One very clever way of hiding the career gap in your resume is by not making it look like a gap at all! Format your resume in such a way that the career gap looks like an experience in itself. Mention what all you did when you weren’t employed. Did you freelance? Did you consult? Were you taking part in voluntary activities? All of these experiences are also important and thus must be mentioned in your resume. List them in the same manner as you have done with the other jobs. Include job titles, the name of the company you have worked for, the type of job you did and the dates. If you went back to education, taking up new courses and classes, list them under the education section of your resume.

 

Explain The Gap In your Career Briefly Through The Cover Letter:

As mentioned earlier, there can be multiple reasons to opt for a career gap. However, all the reasons may not fit your resume. Reasons such as childbirth, taking care of aging parents are difficult to explain in your resume. Under such circumstance, make use of the cover letter to explain your career gap briefly.

 

Explain The Career Gap During The Face-to Face-Interview:

No matter which approach you choose, explaining a career gap in your resume can always be tricky. In that light, address the issue in an open and clear manner during the face-to-face interview. Explain the reasons for taking a break in a clear and rational manner if the break was voluntary. If you had taken time off to take care of a family issue, such as childbirth and taking care of sick family members, mention that the issue has been resolved and that you are now ready to get back to complete time employment.

However, if you took a break due to workforce contraction, it will be imperative for you to provide strong documented proof to explain the reasons for the downsizing. Additionally, ensure that your superiors, colleagues, and clients are ready to confirm your competence at all times. Make sure that all your social media handles, especially Linkedin, highlight such points. However, it will be difficult to establish all this if a person is thrown away from an organization due to performance issues.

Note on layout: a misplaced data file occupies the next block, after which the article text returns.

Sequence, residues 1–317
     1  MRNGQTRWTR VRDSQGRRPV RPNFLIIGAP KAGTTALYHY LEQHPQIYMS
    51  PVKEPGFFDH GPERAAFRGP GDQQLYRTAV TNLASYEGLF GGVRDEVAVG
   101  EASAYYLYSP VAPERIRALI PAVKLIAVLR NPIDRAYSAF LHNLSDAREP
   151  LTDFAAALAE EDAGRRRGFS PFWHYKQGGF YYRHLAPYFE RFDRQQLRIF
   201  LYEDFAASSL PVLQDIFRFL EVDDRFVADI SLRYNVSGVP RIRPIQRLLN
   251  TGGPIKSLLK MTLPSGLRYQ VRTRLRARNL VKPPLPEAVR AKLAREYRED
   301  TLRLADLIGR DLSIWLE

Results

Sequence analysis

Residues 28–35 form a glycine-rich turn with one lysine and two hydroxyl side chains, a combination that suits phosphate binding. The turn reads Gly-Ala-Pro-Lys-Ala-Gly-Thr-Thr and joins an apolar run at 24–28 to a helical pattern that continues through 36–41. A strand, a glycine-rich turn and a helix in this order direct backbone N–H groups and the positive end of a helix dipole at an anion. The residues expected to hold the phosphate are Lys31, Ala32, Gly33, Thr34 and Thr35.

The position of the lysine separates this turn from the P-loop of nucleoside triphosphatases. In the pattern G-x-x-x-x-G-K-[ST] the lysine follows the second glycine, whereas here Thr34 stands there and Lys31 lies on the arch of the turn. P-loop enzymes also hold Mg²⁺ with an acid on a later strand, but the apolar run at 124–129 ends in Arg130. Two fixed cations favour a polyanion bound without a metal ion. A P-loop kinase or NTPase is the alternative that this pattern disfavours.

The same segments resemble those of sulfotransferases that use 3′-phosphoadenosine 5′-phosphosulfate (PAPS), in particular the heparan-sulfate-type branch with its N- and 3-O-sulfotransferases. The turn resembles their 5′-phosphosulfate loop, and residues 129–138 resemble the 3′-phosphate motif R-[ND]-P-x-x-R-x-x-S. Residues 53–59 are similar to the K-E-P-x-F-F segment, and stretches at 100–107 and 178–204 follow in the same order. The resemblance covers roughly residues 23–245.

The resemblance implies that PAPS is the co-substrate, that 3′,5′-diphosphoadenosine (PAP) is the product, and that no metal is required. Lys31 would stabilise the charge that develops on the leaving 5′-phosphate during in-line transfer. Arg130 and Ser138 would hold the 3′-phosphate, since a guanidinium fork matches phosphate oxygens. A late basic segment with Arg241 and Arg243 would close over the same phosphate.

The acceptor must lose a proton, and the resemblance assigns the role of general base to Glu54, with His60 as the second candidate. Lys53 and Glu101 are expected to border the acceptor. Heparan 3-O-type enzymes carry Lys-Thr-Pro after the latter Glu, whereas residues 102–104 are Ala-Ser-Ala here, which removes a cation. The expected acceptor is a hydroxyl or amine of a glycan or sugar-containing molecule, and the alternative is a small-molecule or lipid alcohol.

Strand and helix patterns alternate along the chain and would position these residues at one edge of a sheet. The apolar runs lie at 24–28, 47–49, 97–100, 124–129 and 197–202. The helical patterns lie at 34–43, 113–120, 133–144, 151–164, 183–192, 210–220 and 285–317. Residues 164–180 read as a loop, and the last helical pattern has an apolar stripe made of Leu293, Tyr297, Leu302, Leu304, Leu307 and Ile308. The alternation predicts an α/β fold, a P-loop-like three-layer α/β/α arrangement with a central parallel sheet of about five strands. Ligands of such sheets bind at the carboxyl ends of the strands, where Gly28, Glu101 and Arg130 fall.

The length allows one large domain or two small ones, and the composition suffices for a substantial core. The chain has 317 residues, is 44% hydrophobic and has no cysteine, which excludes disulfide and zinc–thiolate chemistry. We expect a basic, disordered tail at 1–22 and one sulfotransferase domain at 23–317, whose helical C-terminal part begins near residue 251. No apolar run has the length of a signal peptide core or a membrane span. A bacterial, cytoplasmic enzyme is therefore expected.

Highlight Your Positive Attributes:

Taking a break in your career is not a crime. So do not be ashamed or scared if you have taken such a gap. Many others do it and return to their career seamlessly. Wear your confidence right during your interview and focus on the things you have achieved during your break period.

If you were busy in some voluntary work, talk about the things it has taught you, tell about the new course you might have been studying during your break. At the end of the day, the company will be looking at the skill set that you bring to the table and not the exact number of years you have spent in gathering this experience.

As long as you are good at what you do and can improve as you move along, the gap in your career will not become an issue. The hiring organization looks into a lot more than just the resume. Of course, it is important, but, more than that, a company wants to hire an employee with integrity, courage, confidence, and skills. Be that employee.

Last modified: January 22, 2019